I have spent most of my career involved in Telecommunications managing outside plant, inside plant, business and residential services, voice, data, and the people that figure it all out. Traditionally, Microsoft has made an important contribution to information worker productivity on the enterprise side, but it has not been greatly involved with the customer facing operations side of telecommunications. This is beginning to change.

During the time that service providers were wrestling with the implications of moving rapidly from the PSTN and SS7, through softswitches, network delayering, and towards IMS, an entire new world of services has emerged. Since the early 2000s, Microsoft has been introducing new technologies, new concepts for services, and new models for service delivery that leverage the concepts of Services Oriented Architectures (SOA) and Web Services.  Microsoft Mediaroom, Windows Live, Office Live, Windows Mobile, Hosted Messaging & Collaboration are changing the very nature of “services”.  Other market forces are challenging traditional business models and assumptions about the way services are expected to generate revenue.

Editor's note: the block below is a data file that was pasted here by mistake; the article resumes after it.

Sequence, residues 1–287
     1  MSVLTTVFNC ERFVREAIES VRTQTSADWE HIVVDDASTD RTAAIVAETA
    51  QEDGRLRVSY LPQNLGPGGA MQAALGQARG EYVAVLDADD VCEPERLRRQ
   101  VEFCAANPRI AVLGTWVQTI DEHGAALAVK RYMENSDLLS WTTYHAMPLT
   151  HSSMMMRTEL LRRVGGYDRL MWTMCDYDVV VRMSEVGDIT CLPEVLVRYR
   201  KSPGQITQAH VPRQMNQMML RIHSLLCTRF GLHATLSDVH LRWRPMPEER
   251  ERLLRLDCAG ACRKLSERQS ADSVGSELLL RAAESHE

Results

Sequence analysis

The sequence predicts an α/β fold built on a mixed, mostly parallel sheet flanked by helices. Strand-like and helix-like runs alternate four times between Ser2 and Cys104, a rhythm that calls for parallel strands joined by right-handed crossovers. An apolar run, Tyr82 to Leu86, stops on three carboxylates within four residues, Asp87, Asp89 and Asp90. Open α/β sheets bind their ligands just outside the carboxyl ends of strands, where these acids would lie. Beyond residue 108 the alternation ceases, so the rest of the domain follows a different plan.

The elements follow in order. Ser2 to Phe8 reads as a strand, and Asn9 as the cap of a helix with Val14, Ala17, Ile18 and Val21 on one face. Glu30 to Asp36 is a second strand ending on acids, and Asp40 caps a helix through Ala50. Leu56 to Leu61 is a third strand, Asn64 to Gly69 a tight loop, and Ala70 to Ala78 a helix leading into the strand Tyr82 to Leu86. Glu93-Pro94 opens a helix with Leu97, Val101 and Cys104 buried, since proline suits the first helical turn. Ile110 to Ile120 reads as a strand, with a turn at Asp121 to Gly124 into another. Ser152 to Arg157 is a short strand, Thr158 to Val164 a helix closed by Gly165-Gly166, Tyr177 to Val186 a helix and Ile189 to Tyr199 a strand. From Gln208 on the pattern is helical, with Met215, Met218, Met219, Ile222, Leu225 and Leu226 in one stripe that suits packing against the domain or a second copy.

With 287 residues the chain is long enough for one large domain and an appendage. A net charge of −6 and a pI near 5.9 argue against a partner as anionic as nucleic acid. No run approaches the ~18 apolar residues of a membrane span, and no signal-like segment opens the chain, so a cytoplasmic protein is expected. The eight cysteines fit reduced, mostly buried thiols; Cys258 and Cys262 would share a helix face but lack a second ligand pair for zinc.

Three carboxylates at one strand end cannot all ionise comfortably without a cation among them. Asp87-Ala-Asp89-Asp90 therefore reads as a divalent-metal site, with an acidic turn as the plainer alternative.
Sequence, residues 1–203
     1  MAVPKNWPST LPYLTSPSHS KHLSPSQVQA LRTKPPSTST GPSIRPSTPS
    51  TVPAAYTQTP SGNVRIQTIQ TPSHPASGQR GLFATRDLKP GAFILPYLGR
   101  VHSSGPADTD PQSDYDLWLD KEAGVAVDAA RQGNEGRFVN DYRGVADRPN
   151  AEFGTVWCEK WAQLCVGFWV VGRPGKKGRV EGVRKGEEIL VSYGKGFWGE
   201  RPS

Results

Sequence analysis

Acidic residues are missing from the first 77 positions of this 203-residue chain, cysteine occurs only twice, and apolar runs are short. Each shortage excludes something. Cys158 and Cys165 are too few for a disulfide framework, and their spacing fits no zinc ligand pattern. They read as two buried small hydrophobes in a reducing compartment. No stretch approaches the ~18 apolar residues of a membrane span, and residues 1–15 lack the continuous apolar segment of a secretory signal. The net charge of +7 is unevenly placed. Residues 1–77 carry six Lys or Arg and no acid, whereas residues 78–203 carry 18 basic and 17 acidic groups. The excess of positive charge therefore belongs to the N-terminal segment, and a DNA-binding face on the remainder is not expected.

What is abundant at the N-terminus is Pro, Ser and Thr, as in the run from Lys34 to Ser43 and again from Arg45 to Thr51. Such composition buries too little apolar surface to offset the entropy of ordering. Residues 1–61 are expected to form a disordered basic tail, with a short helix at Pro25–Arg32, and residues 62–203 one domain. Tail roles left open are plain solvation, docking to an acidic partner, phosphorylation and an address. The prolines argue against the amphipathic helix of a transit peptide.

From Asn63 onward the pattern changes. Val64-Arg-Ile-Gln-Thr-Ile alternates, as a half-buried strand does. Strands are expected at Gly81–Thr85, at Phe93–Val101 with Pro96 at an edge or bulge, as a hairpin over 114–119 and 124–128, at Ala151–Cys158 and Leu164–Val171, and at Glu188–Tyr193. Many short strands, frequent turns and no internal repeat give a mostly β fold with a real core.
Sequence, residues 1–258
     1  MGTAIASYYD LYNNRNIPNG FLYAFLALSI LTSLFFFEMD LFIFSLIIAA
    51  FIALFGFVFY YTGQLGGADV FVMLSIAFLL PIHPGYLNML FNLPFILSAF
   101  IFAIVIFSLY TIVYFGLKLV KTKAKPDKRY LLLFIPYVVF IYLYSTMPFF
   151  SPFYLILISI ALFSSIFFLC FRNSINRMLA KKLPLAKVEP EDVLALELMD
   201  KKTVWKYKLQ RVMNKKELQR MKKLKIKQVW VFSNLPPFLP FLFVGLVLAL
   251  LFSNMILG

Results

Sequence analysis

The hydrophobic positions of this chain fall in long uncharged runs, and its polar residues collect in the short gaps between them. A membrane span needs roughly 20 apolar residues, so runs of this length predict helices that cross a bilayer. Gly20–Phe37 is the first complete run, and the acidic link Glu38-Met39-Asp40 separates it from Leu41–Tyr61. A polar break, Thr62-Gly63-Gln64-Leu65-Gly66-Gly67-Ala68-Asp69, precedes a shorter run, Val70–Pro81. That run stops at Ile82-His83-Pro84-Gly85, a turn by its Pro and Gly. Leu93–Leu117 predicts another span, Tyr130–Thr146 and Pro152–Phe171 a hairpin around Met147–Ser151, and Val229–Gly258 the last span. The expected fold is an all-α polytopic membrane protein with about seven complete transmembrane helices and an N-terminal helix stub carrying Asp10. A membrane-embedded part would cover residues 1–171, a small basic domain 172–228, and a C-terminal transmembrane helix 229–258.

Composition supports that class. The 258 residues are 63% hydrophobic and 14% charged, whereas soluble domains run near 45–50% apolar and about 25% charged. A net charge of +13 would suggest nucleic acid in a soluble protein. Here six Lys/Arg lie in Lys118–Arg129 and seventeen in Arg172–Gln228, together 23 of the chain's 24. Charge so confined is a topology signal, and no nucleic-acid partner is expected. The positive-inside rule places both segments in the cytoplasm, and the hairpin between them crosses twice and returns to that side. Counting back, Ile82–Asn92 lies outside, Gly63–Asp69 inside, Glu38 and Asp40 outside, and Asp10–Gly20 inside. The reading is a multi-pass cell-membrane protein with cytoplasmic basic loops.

The Microsoft Software + Services model and its potential for services providers requires new agility in the management of network resources, network services, and a new higher level services that need to be completely abstracted from the traditional BSS/OSS layers.  The Microsoft platform is poised to play an increasing central role in the creation of these systems: the BSS, the OSS, and the way business processes are defined and assembled.  Microsoft is also helping to redefine the meaning of Service Delivery Frameworks.  These topics, and other miscellaneous items that may arise from time to time, will be the primary focus of this blog.